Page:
An unusually pop-heavy singles column this week, but have you seen the Top 10 these days? Lady GaGa is there. Twice. Still, the Skream remix of La Roux should sort that out, in a balancing-the-cosmos sort of way.
Track Of The Week!
La Roux 'In For The Kill (Skream's Let's Get Ravey Mix)'
The original is out a week on Monday, and it's good, though not as good as 'Quicksand' (and by the way, this La Roux backlash thing is both far too early and completely ridiculous). But this remix is so phenomenal that it's already "gone viral", as Marketing Guy would put it. It's just far, far too short – it ends as soon as it gets massive. (Hype Machine)
Peter Doherty 'Last Of The English Roses' (EMI)
A bizarre choice for a first single from Peter's imminent solo album, because it's one of the worst things on it. Maybe it was picked for its myth-compliant title, or its ode-to-a-girl, which-girl-could-it-be selling point. But it's an ambling, rambling road to nowhere kind of song. And not even in a good way.
Red Light Company 'Arts & Crafts' (La Volta)
"Hello, Big Label Boss here. I've heard these Scripts and Frays, and I want me some of that Tesco money. Know any boys who look good and don't mind giving good stare over musical Nightol? You do? Then come to daddy..."
Roll Deep ft Kivanc 'Moving In Circles' (Roll Deep Recordings)
Popped-up grime's been problematic at best, though the likes of Chipmunk look set to tread where Kano - himself now doing alright in the charts - had previously failed. This probably won't do the same for Roll Deep, however, because it's been scrubbed and polished until all of its shine has worn off. And it's a bit ska.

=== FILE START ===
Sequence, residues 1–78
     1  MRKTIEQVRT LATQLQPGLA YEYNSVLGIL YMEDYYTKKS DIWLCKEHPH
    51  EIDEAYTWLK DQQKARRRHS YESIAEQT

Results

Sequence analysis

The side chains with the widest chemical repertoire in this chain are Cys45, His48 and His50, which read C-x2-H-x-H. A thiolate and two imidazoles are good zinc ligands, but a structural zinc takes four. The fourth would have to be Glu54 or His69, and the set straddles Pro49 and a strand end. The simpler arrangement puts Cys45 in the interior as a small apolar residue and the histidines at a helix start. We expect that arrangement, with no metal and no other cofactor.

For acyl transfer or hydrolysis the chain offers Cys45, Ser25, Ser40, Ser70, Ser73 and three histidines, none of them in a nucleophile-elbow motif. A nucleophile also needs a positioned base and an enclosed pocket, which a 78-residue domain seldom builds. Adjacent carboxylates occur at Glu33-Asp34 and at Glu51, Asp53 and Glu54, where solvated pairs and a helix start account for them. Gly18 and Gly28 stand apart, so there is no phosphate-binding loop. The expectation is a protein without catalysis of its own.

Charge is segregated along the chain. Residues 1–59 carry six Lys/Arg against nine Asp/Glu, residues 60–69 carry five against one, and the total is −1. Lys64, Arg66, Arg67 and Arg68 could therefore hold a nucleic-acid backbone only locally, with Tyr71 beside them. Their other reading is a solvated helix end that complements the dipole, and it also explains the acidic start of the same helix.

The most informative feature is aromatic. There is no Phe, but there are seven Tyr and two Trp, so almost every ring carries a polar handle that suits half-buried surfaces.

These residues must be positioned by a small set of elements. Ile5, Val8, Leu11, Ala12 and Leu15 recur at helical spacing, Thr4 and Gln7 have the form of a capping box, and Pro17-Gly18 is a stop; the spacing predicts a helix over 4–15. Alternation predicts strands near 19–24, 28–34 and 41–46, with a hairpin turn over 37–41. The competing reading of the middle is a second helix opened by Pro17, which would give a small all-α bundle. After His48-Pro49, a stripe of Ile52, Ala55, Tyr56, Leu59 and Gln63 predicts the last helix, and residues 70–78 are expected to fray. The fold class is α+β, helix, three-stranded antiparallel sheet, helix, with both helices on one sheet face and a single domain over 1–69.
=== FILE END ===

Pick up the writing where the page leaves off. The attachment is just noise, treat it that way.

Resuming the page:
Starsailor 'Tell Me It's Not Over' (Virgin)
Any review of this warrants the words "Much improved by Brandon Flowers' guest vocals on the alternative version," and nobody wants to have to read that.
Ladyhawke 'Paris Is Burning' (Modular)
Given that this song first came out on the day of Winston Churchill's birth, it seems like a pointless re-release. On the other hand, it's getting far more attention on the all-important radio than it did the first time around, possibly because it's impossible to go into a high-street shop these days without hearing any one Ladyhawke song. Also, it's no less good for being played to death, which is surely a measure of brilliance.
VV Brown 'Leave!' (Island)
It's hard to diss a song so full of good will and gumption, particularly since VV rattles through Bohemian Rhapsody and Shirley Bassey by way of Monster Mash.
Brakes 'Hey Hey' (Fat Cat Records)
Also taking a 1950s tack this week are Brakes, returning for some pre-third-album action with a similarly retro rock&roll riff. It's fine, functional stuff, but you still suspect that if they'd been around in the old days, they'd have been singing doo-wop in matching suits instead of sporting quiffs and flick knives.